How to Get Court Transcripts Properly

June 28, 2021

How to Get Court Transcripts Properly

You may be asking how to obtain a transcript if you’ve participated in a court action such as a hearing, trial, or deposition. Alternatively, you may possess an audio recording of a proceeding for which you require a transcript but are unsure where to begin. The process is somewhat different depending on if you need a transcription from a legal transcription provider or a court reporter

Here’s how you can get a court transcript: 

1. Request a transcript directly from the court

If you join court proceedings and a court reporter is present, the court reporter has most certainly written a transcript. If you’re represented by an attorney, it’s preferable to seek him first. Transcripts are pricey to obtain, but it's possible that your lawyer has already secured one and can give you a copy. 

2. Obtain a transcript on your own

You must contact the appropriate court if you don't have an attorney or if you’re requesting case records in which you aren’t a party. Confirm which court deliberated the case then reach out to the court reporter. Most courts have online resources in requesting a transcript so make sure to check the corresponding court’s website.

Determine first why you’re asking for the transcript before filling out your order form. Some forms may need you to put which part of a proceeding you desire a transcript for as well as if it’s needed for an appeal.

There’s a chance that you won't be able to get transcripts if the court has sealed them. However, the general rule is that if the public is allowed to attend the court hearing, there should be no reason for you not to obtain a transcript.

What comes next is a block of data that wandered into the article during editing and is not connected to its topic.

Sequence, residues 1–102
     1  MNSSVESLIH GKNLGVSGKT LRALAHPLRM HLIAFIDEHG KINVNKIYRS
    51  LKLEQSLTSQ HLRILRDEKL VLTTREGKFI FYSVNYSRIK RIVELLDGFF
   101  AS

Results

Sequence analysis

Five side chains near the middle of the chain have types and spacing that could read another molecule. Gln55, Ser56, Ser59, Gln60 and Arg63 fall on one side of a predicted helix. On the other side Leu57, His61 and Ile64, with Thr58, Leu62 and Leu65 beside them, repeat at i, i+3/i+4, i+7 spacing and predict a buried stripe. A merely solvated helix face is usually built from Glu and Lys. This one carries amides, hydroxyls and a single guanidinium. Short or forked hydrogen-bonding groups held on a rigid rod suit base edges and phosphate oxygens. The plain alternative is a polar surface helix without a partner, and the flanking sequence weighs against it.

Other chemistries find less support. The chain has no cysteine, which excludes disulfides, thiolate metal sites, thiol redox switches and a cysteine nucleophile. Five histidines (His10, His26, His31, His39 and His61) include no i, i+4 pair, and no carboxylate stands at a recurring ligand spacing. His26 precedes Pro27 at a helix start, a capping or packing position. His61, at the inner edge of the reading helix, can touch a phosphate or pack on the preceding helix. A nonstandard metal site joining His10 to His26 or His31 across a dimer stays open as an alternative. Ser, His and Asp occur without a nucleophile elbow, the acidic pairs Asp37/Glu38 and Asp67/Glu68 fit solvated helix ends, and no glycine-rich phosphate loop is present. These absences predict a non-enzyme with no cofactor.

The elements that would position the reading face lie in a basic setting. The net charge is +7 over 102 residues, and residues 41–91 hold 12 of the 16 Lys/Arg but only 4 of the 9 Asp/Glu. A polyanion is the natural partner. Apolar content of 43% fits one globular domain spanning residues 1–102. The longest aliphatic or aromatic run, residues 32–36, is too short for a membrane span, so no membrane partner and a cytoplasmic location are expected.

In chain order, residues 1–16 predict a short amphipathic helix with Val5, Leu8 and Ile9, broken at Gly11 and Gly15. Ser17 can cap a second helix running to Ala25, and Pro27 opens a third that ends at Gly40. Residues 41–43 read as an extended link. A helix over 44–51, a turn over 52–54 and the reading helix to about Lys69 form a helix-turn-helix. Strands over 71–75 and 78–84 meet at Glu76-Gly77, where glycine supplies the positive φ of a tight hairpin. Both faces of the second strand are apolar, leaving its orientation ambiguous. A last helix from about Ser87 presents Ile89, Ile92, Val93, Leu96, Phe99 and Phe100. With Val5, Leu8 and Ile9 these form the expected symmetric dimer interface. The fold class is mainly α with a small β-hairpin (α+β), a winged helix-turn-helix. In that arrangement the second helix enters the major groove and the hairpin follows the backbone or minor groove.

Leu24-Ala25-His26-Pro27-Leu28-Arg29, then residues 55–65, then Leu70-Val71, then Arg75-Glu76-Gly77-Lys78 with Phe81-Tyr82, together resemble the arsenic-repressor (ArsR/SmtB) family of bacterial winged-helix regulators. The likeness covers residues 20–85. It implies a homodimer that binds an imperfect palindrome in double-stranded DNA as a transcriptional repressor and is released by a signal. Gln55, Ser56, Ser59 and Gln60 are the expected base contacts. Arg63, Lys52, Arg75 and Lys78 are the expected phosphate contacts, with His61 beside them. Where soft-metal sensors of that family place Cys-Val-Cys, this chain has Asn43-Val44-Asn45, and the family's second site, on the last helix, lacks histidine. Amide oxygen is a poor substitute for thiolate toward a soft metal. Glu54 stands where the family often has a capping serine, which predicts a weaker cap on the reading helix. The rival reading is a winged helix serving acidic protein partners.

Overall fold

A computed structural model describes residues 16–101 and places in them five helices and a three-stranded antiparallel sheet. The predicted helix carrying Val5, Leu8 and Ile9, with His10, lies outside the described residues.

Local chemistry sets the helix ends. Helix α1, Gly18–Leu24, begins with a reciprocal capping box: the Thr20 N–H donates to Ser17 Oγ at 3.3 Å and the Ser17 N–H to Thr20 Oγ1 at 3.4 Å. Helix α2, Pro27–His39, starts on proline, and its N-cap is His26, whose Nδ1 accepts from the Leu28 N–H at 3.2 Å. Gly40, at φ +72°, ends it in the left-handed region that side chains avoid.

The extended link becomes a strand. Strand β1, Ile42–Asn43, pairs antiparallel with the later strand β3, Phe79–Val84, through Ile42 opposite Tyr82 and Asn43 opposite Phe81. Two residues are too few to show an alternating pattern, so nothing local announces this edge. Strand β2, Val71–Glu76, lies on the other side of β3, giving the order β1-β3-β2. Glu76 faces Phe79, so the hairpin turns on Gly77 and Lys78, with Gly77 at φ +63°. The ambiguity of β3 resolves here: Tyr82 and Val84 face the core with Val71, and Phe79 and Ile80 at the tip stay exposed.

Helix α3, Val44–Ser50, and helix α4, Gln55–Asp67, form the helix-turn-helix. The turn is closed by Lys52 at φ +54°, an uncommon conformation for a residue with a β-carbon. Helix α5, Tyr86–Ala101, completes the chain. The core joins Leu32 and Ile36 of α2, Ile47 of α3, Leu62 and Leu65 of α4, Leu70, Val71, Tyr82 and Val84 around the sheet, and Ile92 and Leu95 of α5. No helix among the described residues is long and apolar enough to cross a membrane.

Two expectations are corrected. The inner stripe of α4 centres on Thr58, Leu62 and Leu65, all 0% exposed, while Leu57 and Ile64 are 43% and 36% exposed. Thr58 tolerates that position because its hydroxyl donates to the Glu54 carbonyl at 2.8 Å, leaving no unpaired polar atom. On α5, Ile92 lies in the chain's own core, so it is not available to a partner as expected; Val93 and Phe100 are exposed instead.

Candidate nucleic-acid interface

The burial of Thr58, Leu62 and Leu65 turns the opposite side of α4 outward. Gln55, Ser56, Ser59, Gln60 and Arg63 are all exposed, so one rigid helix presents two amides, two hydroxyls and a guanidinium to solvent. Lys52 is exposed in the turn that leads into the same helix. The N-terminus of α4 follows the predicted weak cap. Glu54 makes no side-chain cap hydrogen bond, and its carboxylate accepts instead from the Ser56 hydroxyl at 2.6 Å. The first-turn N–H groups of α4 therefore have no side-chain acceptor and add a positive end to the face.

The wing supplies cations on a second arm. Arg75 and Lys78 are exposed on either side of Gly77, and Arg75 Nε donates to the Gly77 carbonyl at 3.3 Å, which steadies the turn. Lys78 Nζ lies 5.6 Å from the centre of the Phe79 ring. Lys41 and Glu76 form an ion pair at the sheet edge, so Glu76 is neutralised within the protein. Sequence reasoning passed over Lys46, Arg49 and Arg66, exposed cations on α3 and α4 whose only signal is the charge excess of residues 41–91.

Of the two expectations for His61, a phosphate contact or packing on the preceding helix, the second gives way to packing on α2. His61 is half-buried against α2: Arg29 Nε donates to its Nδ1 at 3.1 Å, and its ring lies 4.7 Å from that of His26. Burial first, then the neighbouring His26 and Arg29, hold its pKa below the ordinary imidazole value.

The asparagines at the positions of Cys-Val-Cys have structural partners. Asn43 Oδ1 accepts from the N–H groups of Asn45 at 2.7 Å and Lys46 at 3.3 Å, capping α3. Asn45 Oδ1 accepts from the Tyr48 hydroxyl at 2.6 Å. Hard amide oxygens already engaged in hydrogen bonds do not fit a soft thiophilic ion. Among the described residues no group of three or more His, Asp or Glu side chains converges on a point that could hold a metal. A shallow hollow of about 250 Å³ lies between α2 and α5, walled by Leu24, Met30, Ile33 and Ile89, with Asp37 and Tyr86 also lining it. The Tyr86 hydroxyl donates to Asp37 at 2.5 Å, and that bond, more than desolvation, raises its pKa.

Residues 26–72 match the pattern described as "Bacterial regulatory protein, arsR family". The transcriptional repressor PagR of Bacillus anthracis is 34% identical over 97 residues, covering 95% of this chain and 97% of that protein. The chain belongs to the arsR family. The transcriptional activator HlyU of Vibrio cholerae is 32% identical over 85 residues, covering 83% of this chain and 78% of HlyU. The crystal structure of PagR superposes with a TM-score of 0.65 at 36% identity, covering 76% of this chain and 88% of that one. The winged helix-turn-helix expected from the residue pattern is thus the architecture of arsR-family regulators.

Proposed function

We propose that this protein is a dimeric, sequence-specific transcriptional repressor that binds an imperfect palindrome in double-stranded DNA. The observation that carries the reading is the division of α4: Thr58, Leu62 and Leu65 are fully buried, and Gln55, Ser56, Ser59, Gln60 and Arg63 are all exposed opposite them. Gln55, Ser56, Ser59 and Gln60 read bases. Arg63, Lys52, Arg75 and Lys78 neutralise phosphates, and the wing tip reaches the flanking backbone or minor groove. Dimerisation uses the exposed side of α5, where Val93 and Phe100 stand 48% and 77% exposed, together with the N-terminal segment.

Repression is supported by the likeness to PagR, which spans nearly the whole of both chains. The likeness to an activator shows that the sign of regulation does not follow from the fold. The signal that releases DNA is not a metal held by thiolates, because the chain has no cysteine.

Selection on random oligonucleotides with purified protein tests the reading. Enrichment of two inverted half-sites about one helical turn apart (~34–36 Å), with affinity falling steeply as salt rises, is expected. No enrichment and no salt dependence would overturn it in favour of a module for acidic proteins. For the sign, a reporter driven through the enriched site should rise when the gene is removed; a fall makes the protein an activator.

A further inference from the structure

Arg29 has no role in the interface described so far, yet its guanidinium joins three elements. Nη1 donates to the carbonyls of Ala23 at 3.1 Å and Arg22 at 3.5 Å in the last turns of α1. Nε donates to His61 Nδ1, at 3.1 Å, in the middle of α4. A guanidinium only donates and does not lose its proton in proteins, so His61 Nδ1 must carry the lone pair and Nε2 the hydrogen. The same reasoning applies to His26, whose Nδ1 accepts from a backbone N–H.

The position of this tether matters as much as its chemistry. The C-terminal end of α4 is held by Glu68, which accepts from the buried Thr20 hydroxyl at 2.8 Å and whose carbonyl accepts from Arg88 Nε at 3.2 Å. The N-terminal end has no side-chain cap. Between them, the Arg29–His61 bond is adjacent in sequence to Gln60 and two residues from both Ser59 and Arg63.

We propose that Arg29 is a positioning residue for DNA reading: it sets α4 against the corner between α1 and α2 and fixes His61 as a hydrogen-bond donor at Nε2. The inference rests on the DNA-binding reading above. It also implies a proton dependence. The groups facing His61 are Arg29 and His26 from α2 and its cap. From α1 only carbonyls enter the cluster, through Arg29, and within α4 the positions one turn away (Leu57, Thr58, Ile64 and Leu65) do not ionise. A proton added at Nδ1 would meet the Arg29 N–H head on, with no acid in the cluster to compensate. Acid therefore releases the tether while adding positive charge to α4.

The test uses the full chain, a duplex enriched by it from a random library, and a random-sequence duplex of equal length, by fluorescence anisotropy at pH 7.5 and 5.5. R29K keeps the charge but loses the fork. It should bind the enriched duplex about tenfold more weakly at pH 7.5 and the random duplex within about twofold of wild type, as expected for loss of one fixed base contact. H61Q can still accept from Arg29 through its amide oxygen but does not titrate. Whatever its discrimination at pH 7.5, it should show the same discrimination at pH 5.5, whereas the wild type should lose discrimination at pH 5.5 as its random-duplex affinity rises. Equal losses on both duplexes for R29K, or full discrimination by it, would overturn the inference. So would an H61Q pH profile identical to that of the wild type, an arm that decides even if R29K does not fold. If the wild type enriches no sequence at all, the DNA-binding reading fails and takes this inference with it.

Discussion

3. Record the proceeding and use a transcription service

Always double-check beforehand whether recording a proceeding or a phone call for getting a transcript is permitted. Many courts have laws prohibiting audio and video recording of sessions so be wary of these rules. It’s also a good idea to ask for consent from concerned parties before recording to avoid any issues afterward.

Once you have the court recording, you can order transcripts from a transcription service provider. Court transcripts contain sensitive information so make sure that your provider isn’t just precise and fast but also complies with the privacy policies.

How Court Transcripts Can Help Your Case

Even the strongest legal cases can contain facts and important elements brought into doubt. Having said this, it’s best to obtain transcripts to make your argument stronger and more beneficial to your case.

  • Court transcripts can help you devise trial plans- Examining a transcript before your trial can help you prepare your entire strategy. Reading a detailed transcript can help you better understand what was stated during the deposition including subtleties and word choices that you may have missed. You can also take notes, emphasize testimony, and review your case without fear of misinterpreting or forgetting what was said.
  • Court transcripts can help you set tones- Transcripts aren’t only valuable in retelling what was said in a deposition but also the emotion. The manner in which witnesses tell a narrative can reveal how they felt at the time. You can set the trial’s tone by repeating how something was uttered.
  • Court transcripts can help you draw up appeals- Transcripts can be used as proof in an appeal since they provide a verbatim account of what every participant says. For example, if your client was convicted on a technicality, you can review the transcript to figure out what went wrong and note procedural flaws that can be used to support your client's appeal.

Court transcripts play a vital role in remembering and verifying testimonies, so it’s best to know the proper way of requesting and utilizing these legal documents.

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